In innovation—as in life—drive, size, and skill are a powerful combination.
In innovation—as in life—drive, size, and skill are a powerful combination. Drive to set an ambitious agenda and fund promising opportunities. Size to transform these opportunities into real sources of new revenue. And the skill, as embodied in a welltuned innovation system, to be able to do it over and over again.
And the world’s most innovative companies have been getting bigger. The revenue of a typical “small” company on BCG’s 2020 list of the 50 most innovative companies is $30 billion—up more than 170% from $11 billion (in constant dollars) in our first survey in 2005.
But drive and size mean little if your innovation system can’t build on them for serial success. And here our research offers a more sobering assessment. Serial innovation is hard. Of the 162 companies that have been on our top 50 list over the past 14 years, nearly 30% appeared just once—and 57% appeared three times or fewer. Only 8 companies have made the list every year: Alphabet, Amazon, Apple, HP, IBM, Microsoft, Samsung, and Toyota.
When we began the research for this 14th edition of BCG’s Most Innovative Companies report, COVID-19 had not yet emerged. As we explored the data and interacted with clients, however, it became clear that this year’s core findings—about the advantages of scale and the imperative for serial innovation—may be even more relevant today as innovation leaders need to adapt to rapidly shifting patterns of supply, demand, consumer behavior, and ways of doing business.
Moreover, our research has shown that companies doubling down on innovation during downturns—using the opportunity to invest and position for the recovery—outperform over the long term. But doing that successfully requires developing a clear innovation strategy and supporting it with appropriate investment, leveraging the advantages of scale, and ensuring that your innovation system is nimble enough to spot and seize the best opportunities quickly and decisively. As we explore these themes, we draw on our global innovation performance database of more than 1,000 firms to detail the practices that make the best stand out from the rest.
Committing to innovation
Innovation is a top-three management priority for almost two-thirds of companies. This is the lowest level since the financial crisis in 2009 and 2010—perhaps reflecting the uncertain economic outlook amid geopolitical tensions even before the outbreak of COVID-19.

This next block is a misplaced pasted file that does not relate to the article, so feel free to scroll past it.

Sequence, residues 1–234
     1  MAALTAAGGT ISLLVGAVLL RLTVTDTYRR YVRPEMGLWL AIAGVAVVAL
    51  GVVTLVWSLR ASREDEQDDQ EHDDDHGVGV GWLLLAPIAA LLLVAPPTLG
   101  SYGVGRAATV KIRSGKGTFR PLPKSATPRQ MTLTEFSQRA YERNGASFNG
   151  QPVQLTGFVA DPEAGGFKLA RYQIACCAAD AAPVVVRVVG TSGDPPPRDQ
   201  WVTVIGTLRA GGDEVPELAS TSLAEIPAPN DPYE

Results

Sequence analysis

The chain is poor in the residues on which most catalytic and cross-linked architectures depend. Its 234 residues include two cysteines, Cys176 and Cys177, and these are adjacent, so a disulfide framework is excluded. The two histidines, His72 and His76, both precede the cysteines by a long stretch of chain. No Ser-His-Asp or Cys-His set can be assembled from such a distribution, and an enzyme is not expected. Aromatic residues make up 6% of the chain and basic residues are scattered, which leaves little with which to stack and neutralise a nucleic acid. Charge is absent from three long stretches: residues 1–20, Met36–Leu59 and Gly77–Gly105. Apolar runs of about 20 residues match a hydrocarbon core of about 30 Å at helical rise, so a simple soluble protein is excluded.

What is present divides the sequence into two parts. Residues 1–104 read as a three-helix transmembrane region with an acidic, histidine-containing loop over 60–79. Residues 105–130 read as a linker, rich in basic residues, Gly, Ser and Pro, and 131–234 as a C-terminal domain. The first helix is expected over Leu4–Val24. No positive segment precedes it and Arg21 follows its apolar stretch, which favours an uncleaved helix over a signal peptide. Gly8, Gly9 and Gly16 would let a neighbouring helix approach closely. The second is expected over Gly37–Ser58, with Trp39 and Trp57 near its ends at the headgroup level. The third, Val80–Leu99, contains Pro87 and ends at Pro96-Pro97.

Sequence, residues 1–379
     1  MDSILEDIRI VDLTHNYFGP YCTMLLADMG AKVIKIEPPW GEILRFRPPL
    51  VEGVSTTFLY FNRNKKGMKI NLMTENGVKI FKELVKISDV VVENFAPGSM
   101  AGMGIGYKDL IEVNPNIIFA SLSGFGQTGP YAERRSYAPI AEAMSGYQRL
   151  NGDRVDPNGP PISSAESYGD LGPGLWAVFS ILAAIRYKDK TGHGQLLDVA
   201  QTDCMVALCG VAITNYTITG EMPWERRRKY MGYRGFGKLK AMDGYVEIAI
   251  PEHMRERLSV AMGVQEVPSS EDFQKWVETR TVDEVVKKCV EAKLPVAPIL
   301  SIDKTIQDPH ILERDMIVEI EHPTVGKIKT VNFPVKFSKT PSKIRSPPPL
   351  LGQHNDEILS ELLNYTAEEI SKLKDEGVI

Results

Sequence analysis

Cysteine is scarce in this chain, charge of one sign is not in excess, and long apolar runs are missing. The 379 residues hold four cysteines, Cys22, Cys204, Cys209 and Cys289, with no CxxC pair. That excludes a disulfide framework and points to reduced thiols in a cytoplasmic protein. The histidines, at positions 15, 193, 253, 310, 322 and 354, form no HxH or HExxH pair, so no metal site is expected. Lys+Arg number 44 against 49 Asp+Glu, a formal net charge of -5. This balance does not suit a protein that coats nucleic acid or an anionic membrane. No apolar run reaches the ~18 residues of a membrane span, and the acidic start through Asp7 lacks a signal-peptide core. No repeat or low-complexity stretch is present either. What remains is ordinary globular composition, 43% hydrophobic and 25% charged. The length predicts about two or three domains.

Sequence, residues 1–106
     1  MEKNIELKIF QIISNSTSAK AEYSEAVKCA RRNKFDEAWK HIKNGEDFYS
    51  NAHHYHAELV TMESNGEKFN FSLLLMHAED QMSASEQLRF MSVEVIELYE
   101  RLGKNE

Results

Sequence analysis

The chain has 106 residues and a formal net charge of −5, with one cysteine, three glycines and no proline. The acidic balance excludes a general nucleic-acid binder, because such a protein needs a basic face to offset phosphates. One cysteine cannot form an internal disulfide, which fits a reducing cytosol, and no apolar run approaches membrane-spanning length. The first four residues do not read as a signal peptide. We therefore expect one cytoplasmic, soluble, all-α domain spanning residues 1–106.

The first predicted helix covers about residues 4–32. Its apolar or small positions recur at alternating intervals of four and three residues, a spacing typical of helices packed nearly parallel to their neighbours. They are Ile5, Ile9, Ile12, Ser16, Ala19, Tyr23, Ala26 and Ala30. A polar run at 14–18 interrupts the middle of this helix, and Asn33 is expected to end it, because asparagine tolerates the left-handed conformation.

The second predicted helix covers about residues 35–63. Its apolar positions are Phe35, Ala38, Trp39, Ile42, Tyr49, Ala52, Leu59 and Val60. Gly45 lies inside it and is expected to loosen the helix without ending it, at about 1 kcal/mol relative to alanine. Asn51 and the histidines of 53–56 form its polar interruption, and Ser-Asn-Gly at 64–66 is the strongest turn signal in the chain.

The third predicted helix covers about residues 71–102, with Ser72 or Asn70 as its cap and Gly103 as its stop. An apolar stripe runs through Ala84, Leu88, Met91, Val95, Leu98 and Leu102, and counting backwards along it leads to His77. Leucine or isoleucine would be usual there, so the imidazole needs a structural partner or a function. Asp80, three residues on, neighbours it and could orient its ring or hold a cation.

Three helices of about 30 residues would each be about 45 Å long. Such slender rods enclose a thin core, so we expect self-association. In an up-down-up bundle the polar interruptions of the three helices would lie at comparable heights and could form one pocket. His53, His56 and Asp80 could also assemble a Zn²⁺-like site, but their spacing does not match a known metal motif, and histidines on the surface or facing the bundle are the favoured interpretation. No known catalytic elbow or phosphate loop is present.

We can disaggregate our findings further. “Committed innovators” (45% of the total) say that innovation is a top priority, and they support that commitment with significant investment. “Skeptical innovators” (30% of the total) are the reverse, seeing innovation as neither a strategic priority nor a significant target of funding. And “confused innovators” (25% of the total) are in between, with a mismatch between the stated strategic importance of innovation and their level of funding for it. We find the highest proportion of committed innovators in the financial and pharmaceutical sectors (both 56%)—and the lowest in industrial goods (37%) and wholesale and retail (32%).
Committed innovators are winning. Almost 60% of them report generating a rising proportion of sales from products and services launched in the past three years, compared with only 30% of the skeptics and 47% of the confused. The skeptics may or may not be making wise strategic decisions—it is sometimes neither strategically sound nor feasible to pursue innovation leadership—but at least they are consistent. The confused are a puzzling lot with a worrying disconnect between strategy and innovation spending.
And winners are more likely to be committed innovators, further evidence of the divide between the best and the rest that we have discussed in the past few innovation reports. In 2019, for example, we found a wide gulf between strong and weak innovators with respect to their use of artificial intelligence (AI). We also discovered that strong innovators were making increasing use of external innovation channels such as incubators and partnerships with academic institutions. Our 2018 research showed that almost 80% of strong innovators have properly digitized innovation processes compared with less than 30% of weak innovators. The relationship between commitment and results is the latest evidence of the strong getting stronger—across a spectrum of innovation-related criteria.
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